That is the sort of thing that happens again and again on “Grimm.” Most of the time, seeing my elbow would suffice for the AD, as long as his star was in focus. But this is unlike any other acting experience any of us have ever had.
“The environment that’s created here, we all know our roles,” says my buddy Paul Jordan during a break. Paul is a strong, solid wall of a sharp-dressed man who is just sweet as anything, hence the nickname I’ve given him: Big Poppa. “It was made known to us that we’re a critical part of the show’s success, so you feel like you really belong. The PA’s want us to be successful, so they’re really happy for us when we get on camera.”
It’s this kind of feeling that keeps us driving in from all over the Portland Metro area and beyond to be a part of “Grimm”. Vancouver, Albany, Corbett, even Salem — and none of us would miss out on being here, not for all the traffic or bad weather in the world. It’s why we’ve all been able to connect with each other, in real life and on Facebook and Twitter. We’re getting closer and closer, and it’s all thanks to this show that was specifically written for Portland.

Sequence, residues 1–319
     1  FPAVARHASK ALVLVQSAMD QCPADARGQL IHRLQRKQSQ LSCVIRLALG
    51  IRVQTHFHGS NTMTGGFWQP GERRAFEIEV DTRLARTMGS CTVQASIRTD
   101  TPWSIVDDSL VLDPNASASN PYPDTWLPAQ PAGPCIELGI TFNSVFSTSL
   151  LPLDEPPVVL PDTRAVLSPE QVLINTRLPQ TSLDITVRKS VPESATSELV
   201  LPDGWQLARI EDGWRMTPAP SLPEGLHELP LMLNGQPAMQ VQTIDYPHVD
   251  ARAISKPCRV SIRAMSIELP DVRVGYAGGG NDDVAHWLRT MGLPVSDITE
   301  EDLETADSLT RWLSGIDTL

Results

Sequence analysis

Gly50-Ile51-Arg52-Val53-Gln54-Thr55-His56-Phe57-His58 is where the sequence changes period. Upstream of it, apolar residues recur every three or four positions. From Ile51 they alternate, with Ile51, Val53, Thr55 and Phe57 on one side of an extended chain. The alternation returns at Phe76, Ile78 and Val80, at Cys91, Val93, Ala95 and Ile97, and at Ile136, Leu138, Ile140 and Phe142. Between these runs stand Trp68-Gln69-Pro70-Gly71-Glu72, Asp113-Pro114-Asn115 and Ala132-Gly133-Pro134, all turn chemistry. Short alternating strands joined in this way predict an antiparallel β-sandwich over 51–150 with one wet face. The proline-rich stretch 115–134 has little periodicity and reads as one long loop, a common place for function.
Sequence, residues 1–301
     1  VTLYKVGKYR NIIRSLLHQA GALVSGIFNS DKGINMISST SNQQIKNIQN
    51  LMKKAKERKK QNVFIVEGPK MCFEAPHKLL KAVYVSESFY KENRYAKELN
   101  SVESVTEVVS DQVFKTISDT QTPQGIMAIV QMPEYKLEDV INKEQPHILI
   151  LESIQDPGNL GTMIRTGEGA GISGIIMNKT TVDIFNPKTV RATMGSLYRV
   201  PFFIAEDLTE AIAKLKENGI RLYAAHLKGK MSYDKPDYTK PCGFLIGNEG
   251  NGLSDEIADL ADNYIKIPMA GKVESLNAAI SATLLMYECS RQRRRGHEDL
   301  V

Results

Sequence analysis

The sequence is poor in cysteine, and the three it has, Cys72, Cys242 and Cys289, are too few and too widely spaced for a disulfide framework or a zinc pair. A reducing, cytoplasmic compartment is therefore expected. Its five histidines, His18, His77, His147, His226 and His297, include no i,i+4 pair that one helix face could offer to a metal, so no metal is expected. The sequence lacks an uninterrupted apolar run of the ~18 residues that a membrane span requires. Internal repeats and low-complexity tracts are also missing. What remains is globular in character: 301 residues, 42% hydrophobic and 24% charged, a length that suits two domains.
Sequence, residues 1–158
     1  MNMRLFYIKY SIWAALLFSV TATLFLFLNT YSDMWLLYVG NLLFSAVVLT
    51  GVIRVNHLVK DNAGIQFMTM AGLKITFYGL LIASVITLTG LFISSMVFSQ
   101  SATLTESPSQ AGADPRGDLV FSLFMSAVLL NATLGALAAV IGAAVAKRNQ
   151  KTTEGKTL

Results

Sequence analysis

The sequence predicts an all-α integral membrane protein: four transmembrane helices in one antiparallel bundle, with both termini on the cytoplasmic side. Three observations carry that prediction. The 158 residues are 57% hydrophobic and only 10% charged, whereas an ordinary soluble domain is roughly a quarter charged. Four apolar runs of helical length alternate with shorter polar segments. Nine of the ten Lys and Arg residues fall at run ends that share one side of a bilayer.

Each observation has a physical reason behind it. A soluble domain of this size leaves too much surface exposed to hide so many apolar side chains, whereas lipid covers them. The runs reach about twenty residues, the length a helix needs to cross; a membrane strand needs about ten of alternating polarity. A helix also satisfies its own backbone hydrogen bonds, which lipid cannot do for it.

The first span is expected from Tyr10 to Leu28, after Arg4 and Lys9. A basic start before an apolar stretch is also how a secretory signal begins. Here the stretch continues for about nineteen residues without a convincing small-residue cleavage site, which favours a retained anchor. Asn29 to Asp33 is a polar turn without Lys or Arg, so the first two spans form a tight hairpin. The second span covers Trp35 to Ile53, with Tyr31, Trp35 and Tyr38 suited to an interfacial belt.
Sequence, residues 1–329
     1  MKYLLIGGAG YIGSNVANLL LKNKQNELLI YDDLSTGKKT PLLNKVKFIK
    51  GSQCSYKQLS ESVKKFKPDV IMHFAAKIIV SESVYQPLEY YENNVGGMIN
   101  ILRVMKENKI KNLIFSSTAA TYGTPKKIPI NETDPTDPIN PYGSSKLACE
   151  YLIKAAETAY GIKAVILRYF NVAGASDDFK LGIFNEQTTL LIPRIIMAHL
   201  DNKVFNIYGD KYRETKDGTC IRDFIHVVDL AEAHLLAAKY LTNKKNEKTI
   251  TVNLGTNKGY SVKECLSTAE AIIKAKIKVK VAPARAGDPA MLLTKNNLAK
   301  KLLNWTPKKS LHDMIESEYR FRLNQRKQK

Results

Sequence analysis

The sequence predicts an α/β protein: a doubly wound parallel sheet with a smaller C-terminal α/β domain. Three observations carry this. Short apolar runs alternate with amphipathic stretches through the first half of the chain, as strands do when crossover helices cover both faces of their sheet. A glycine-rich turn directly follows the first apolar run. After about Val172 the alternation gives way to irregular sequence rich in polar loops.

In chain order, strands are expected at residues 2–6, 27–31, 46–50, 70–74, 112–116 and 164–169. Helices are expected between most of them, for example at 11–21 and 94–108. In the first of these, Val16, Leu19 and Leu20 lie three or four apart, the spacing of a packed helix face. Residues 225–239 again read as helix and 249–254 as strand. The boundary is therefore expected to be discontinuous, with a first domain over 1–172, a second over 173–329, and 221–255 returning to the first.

At 2:45, we break for lunch. On the way, I finally get to meet Bitsie (despite her name, she’s taller than I expected) and her adorable French bulldog, Henry. Bitsie and I have chatted on Twitter, but this is our first face-to-face meeting. Sasha Roiz, who plays Captain Sean Renard, stands next to me, petting Henry while the dog nips at his ankles. Sasha, tall and handsome, is an imposing figure on the set. He plays the Dude in Charge Who Has an Evil Secret, one we’re slowly discovering as the episodes progress. Since we only get to hear slivers of dialogue, out of order and out of context, we really have no idea what’s going on in this episode. Sasha, like all of the other actors, is very accessible and chats amiably with all of us.
Right: lunch! On some sets, the extras eat separately from the cast and crew, and maybe get cold sandwiches. On “Grimm”, we follow the cast and crew and sit amongst them under the Craft Services tent. There, everyone chooses from a generous buffet of hot items (usually chicken or fish, pasta for the vegetarians, an assortment of fresh vegetables and sides), salads, special desserts, and all the sodas of the carbonated rainbow. There’s also usually a carving station, and today I treat myself to two slices of steak with roasted fingerling potatoes, Caesar salad, fresh cantaloupe, and a blessedly ice-cold can of Diet Coke. We sit at long communal tables and remark on the quality of the food. Most of us live on ramen and grilled cheese, so we’re eating better here than we do at home. There really is no bidness like show bidness, especially when there’s cake!